Unlike Deacon Charlie Ido not think Christ was an advocate of the ‘status quo’- rather one of turning the world upside down. I wish the RCs could elect a Pope like that but I fear that with the Cardinals they have he will be yet another Conservative. My heart bleeds for my RC friends who long for women priests and equality for gay people.

Father David
Father David
7 years ago

I think Canon Giles Fraser got in there first before Locuste Iste and thus wins the prize for being the first to criticize the new ABC with his swan song article in last Friday’s Church Times.

Edward Prebble
Edward Prebble
7 years ago

In the US, there are many more people who identify as “ex-Catholics” then as Catholics
Cynthia, is that really true? I ask that as a real question, rather than challenging your statement. I am certainly aware of a large number of people leaving the Catholic church (and I see it in New Zealand as well) but I was not aware that those leaving greatly outnumber those remaining.
Can you substantiate your statement?
Edward Prebble

Rod Gillis
Rod Gillis
7 years ago

Re two thirds majorities, that’s the catch-22 that favors status quo.

peter kettle
7 years ago

If anyone has nothing better to do, they might like to research whether a Pope and an Archbishop of Canterbury has taken up the reins of office within a few weeks of each other!

John Bunyan
John Bunyan
7 years ago

I am surprised that the Archbishop of York is reported as referring to the Pope as successor of St Peter. If he means that in the usual,Roman Catholic sense, that is certainly not the view of many Anglicans. If Simon Peter did go to Rome and was martyred there (not absolutely certain), there is no evidence that he (or probably anyone else) was “Bishop of Rome” in the early days of the Christian communities in that city.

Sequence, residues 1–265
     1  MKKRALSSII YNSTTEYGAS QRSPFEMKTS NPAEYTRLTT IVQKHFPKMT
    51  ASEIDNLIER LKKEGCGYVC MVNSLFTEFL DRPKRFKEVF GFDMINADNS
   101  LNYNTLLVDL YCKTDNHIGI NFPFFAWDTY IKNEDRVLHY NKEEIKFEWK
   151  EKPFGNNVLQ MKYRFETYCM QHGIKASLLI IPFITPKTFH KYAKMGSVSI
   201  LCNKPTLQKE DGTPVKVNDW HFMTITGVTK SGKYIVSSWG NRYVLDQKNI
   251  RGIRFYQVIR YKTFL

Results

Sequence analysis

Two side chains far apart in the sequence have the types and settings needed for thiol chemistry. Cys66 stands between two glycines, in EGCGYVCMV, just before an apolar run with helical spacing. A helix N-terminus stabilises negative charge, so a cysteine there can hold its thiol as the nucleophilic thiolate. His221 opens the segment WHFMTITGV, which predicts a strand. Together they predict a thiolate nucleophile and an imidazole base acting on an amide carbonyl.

Cynthia
Cynthia
7 years ago

David, don’t the cardinals have multiple votes, and therefore narrow the field? That is rather different from a 2/3rds vote in your General Synod on an issue. Clearly, General Synod did not reflect the overwhelming view of the vast majority of CoE laity. That is a big problem. Being a discriminatory “established church” is a big problem. Driving people out of the church because of these quaint views is yet another problem. Then there’s the call of the Good News for justice and compassion and CoE’s lack of credibility on social justice and equality because of the quaint views of… Read more »

robert ian Williams
robert ian Williams
7 years ago

What freaks me ..is if you read traditionalist ( not necessarily SSPX) Catholic websites..for many Pope Benedict was a liberal and quasi- Conservative.

To me , Pope Benedict was a sound man, deeply spiritual and intellectual.

I think his pontificate and legacy has been very important to the future direction of the Catholic Church.

Father Ron Smith
7 years ago

Pope Benedict’s most admirable contribution towards understanding in the Church? – His very first encyclical, in which he explained the efficacy of Love in ‘Eros’. Sadly, he didn’t follow it up.

Anthony Archer
Anthony Archer
7 years ago

The 2/3 majority requirement might be significant. John Paul II changed it, so that only 50% was required after a certain number of voting rounds. Benedict XVI rescinded that a some point early on, so the status quo ante prevails. Given the vast number of cardinals appointed by both Popes largely in their conservative image, no-one should expect a radical appointment, which is a shame. The RC church urgently needs a moderniser who can relate to, preferably come from, the Global South.

Cynthia
Cynthia
7 years ago

I said: In the US, there are many more people who identify as “ex-Catholics” then as Catholics Edward asks: Cynthia, is that really true? I ask that as a real question, rather than challenging your statement. I am certainly aware of a large number of people leaving the Catholic church (and I see it in New Zealand as well) but I was not aware that those leaving greatly outnumber those remaining. Can you substantiate your statement? I heard the statistic on NPR, National Public Radio. I can’t recall which of the big groups did the survey. Perhaps I can look… Read more »